Earth impact hazard


Earth impact hazard

The danger of collision with asteroids and comets whose orbits carry them near Earth. Space around Earth contains vast numbers of objects in a range of sizes, but only the largest, which strike very rarely on average, are thought to pose a great danger. Scientists believe such an impact caused the mass extinction of dinosaurs and other species at the end of the Cretaceous Period 65 million years ago. In addition to creating tremendous immediate destruction, a large impact could throw great clouds of debris into the atmosphere, cutting off sunlight and causing a prolonged temperature drop—an “impact winter” (similar to a nuclear winter) that would kill plant life and bring on worldwide famine. The amount of damage depends primarily on the colliding object's mass and relative velocity. The energy released, expressed in millions of tons (megatons) of TNT, falls between about 10 megatons and 1 billion megatons, corresponding to objects roughly 160 ft (50 m) to 12 mi (20 km) across. The last destructive impact known, the Tunguska event, occurred over Siberia in 1908. Since the 1990s, search programs have scanned for objects on possible collision courses. Should a collision appear likely, nonexplosive projectiles or, in extreme cases, nuclear weapons might succeed in redirecting the object away from Earth.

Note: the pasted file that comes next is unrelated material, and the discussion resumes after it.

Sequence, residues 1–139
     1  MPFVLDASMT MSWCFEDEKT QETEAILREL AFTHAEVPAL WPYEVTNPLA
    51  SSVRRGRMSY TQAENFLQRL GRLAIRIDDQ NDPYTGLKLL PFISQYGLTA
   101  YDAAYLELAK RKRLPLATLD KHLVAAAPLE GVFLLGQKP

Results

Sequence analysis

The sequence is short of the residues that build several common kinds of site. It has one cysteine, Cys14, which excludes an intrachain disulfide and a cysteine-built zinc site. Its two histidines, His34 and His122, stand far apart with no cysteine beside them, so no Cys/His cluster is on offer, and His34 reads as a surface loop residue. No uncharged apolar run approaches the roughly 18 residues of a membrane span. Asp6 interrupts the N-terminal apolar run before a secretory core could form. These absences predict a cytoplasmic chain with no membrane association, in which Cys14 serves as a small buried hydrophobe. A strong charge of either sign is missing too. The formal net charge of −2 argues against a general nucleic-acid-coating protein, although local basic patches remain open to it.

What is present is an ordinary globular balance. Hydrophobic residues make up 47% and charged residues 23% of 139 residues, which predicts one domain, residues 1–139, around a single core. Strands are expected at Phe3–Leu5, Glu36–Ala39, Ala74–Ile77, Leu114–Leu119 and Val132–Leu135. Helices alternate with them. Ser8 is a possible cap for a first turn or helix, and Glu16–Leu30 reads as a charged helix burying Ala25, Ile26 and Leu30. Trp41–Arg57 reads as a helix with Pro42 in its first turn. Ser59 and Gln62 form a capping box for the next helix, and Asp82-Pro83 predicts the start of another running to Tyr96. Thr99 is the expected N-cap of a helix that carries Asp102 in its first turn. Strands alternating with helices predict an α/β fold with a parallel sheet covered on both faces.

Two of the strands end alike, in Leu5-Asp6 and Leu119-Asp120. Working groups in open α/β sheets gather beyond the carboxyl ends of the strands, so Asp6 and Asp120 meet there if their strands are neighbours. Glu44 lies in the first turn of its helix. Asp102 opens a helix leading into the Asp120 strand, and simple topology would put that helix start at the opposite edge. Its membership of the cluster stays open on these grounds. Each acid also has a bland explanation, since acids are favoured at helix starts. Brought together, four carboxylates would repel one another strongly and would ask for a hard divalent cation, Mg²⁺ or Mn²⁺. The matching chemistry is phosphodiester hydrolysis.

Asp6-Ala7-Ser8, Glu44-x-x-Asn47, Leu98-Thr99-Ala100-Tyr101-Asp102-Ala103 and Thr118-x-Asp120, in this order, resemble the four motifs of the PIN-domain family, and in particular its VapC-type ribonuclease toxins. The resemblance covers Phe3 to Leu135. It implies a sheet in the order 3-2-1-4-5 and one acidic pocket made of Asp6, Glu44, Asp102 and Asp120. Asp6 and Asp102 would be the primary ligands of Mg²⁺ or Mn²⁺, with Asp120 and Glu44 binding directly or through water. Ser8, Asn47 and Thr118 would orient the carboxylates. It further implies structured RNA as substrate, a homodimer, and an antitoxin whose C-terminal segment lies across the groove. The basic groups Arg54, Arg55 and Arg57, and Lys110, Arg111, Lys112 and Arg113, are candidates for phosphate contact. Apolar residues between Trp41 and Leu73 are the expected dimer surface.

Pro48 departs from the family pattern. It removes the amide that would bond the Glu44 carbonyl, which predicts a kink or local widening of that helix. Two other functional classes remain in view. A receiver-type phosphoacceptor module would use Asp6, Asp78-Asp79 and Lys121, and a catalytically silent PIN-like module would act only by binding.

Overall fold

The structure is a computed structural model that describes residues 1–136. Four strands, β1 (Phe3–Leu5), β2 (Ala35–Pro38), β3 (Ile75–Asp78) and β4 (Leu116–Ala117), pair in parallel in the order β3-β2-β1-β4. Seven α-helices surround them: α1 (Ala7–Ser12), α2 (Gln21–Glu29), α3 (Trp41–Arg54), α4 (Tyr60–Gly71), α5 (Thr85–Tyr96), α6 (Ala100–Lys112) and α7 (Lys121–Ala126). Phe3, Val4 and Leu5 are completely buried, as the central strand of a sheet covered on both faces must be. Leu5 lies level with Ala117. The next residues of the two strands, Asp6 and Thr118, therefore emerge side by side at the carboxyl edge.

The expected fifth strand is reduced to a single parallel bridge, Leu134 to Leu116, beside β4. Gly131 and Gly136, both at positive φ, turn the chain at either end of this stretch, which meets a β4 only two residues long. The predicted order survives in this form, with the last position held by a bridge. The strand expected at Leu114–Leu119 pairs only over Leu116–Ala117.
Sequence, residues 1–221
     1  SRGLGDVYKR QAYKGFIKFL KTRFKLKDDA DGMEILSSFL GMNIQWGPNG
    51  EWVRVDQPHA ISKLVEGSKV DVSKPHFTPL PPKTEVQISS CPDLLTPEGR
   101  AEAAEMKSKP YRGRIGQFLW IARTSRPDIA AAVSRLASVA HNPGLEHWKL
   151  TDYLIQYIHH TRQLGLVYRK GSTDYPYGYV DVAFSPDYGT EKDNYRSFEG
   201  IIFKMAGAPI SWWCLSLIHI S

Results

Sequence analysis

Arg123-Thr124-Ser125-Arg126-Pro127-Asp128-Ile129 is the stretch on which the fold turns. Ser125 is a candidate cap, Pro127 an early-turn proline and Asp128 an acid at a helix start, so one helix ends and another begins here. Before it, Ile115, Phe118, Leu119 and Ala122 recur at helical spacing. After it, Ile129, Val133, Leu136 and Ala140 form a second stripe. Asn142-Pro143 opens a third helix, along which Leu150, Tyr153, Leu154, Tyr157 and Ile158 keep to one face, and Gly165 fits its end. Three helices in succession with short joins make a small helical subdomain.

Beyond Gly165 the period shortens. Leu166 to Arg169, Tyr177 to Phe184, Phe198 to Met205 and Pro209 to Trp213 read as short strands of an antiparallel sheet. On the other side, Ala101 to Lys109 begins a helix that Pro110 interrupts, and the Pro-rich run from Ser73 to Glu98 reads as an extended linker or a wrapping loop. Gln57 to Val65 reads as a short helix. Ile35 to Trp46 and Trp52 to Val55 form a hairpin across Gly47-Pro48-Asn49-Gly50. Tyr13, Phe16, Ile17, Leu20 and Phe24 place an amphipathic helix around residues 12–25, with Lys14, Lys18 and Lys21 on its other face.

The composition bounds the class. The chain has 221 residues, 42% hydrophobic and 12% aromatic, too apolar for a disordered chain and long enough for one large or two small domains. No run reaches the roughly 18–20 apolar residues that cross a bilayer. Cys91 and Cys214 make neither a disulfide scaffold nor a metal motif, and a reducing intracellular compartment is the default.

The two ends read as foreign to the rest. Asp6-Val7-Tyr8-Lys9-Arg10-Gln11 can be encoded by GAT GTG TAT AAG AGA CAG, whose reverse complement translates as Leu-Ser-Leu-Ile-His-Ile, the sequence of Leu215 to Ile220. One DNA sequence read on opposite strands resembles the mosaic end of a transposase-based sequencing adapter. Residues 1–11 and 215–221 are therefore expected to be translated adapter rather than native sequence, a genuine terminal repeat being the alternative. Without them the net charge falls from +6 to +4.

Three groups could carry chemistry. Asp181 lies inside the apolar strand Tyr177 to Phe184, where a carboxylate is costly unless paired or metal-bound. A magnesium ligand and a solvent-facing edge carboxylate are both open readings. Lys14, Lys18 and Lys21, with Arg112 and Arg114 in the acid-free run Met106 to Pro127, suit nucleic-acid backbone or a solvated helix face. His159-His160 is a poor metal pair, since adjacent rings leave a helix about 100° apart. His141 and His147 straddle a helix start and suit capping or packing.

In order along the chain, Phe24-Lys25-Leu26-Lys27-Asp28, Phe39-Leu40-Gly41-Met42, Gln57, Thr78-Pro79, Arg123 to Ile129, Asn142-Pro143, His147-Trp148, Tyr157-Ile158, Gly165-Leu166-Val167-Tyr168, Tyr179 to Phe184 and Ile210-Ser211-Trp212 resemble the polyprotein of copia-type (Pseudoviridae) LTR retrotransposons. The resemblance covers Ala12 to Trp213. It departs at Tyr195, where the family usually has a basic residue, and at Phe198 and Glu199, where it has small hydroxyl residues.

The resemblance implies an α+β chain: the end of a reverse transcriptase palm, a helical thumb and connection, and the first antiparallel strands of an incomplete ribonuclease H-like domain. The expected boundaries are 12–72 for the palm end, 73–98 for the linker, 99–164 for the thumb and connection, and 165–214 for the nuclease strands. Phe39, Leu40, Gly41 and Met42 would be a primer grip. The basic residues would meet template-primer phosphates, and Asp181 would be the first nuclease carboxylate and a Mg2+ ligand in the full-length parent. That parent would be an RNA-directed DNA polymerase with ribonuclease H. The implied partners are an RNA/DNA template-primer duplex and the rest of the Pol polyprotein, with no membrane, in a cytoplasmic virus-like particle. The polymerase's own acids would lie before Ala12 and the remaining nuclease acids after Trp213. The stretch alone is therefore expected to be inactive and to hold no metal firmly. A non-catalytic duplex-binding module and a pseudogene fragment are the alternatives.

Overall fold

This entry comes from Encyclopædia Britannica Concise.
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